Retro Review: Cave Story+

Developer: Nicalis, Studio Pixel

Publisher: Nicalis, Studio Pixel

Genre: Platform Adventure

Platform: Switch, PC

Rating: E 10+

Price: $29.99 (Switch), $14.99 (Steam)


The year 2010 was an excellent year to be a kid. Toy Story 3 had just come out in theaters, and Bruno Mars’ Just The Way You Are was playing on the radio. The Wii was becoming more and more popular, and its Wii Shop Channel offered demos for the kids like me who wanted to play free games. My favorite demo was Cave Story, and it was the first time I had truly experienced indie greatness.

Now, 9 years later, Toy Story 4 is in theaters, I have long since stopped listening to the radio, and the Switch is reaching record-levels of popularity. It’s the perfect time for a retro review of Cave Story+!

Content Guide

Violence: Gameplay revolves around running and gunning.

Sorcery: There are trace amounts of witchcraft and sorcery displayed.

Death: It’s possible for several characters to canonically die.

Undeath: The final bosses have potentially disturbing stages and appearances with undeath.

Adult Humor: While little more than an occasional gag, there are hidden suggestive inventory items, such as female undergarments and lipstick.


Since my childhood, I have played 3 different versions of Cave Story. The first was the Wii demo mentioned earlier. Then, when I was finally able to purchase a copy a few years later, I bought and finished the 3DS port. Today, I have the complete package on the Switch, with extras included. Is it worth playing in so many forms? Let’s start reviewing and find out.

This beautiful background is the first thing you see upon starting the game.

Settings Galore!

Starting up the game, Cave Story+ takes no time in demonstrating its improvements over the original Cave Story. Directly from the startup, a remastered version of the original theme plays, and three options are given: play the story, look at the game options, or listen to the jukebox (of which there’s only one song at the beginning).

However, the settings are where a lot of Cave Story+‘s perks are already shown. There are now six different versions of the soundtrack, which all sound incredible (more on that later). Other outstanding settings include an optional graphics remaster and unlock notifications.

Darn…I knew I should’ve turned left at Albuquerque!

A Challenging Adventure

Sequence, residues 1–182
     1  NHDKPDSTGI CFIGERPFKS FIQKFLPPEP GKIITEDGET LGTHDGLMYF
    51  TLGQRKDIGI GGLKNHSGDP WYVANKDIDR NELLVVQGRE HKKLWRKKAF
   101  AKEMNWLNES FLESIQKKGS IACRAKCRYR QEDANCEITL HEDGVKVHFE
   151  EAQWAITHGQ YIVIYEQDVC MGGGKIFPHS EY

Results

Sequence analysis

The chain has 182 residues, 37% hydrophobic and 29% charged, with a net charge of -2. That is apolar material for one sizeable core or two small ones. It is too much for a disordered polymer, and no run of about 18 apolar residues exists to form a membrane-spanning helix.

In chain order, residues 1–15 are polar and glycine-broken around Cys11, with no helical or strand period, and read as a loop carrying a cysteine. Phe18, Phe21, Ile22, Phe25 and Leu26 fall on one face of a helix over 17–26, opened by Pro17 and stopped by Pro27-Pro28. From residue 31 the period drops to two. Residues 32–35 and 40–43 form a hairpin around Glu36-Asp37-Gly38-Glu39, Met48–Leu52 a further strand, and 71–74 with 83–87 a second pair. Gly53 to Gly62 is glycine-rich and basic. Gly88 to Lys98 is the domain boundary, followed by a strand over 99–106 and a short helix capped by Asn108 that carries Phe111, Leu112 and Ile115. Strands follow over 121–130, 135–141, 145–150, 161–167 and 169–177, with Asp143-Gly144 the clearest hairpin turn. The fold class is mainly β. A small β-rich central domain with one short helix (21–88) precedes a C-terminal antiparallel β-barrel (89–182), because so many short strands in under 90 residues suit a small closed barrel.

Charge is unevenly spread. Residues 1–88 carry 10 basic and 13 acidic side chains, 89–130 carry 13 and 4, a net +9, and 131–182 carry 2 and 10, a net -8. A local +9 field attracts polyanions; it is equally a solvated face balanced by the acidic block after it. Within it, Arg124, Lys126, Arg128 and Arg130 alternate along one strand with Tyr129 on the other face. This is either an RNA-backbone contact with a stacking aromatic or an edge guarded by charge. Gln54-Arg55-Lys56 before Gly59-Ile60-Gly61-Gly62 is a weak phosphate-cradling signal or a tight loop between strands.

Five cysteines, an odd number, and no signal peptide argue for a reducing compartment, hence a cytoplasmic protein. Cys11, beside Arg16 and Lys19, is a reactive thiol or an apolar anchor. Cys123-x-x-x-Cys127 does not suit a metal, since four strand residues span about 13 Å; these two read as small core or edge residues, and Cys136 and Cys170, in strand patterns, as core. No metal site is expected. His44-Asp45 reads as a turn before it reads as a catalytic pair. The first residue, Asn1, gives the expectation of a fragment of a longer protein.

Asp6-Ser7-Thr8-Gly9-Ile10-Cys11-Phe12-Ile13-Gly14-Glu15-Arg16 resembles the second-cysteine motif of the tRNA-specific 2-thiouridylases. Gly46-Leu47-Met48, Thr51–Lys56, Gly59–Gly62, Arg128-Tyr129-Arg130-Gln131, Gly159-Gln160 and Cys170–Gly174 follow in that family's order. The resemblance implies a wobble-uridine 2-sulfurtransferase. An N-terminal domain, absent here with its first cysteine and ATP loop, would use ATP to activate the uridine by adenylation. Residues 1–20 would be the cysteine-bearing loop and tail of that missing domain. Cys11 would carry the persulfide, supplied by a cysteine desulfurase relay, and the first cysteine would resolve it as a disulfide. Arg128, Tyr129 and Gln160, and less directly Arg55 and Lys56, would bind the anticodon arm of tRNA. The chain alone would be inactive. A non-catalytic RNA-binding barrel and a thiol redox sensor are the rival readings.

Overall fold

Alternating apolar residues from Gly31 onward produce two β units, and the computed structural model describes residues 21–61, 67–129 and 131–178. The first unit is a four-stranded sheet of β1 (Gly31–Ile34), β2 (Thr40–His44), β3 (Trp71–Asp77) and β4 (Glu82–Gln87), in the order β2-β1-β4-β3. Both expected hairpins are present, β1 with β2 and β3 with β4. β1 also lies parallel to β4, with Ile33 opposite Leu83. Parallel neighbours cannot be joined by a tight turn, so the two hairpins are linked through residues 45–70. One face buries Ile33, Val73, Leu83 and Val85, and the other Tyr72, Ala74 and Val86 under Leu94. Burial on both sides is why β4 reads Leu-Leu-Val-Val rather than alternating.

Even on it’s normal difficulty, Cave Story+ manages to be a challenging experience. While being more forgiving than many other titles at platforming, it’s still very possible to die right off the bat, running into some spikes and instantly dying. N00bs beware!

After playing a few levels and gaining some experience, the challenge becomes adaptable; difficulty is based on little more than user error, so the better you get at memorizing certain pitfalls, the easier the game becomes. Even so, sometimes, it requires thinking outside the box!

Never forget to find Curly and save her (multiple times), or no Best Ending for you!

So Much to Re-Experience!

One of Cave Story‘s marks of genius is in its replayability. It has several different endings, and many items easily overlooked. While missing an item never feels good for a completionist like myself, it’s never too tragic of a loss, as Cave Story‘s campaign is just short enough to replay without needing an extended break. Cave Story+‘s additional settings only add to the replayability as well.

That being said, I can only take so much of playing the same levels over and over again. There are some particularly egregious backtracking segments (Sandlands, ahem) that, while fine on the first playthough, become burdensome upon a replay. 

Lastly, The Best Ending is both a blessing and a curse. There are several very elusive moments and items that, if missed, will automatically lock you out of the best ending sequence, with no way of going back after saving. Unlocking the best ending ultimately boils down to the following three rules: babysit Curly (as much as possible), search EVERY area thoroughly, and don’t follow your instincts outside of combat. Sounds easy… right?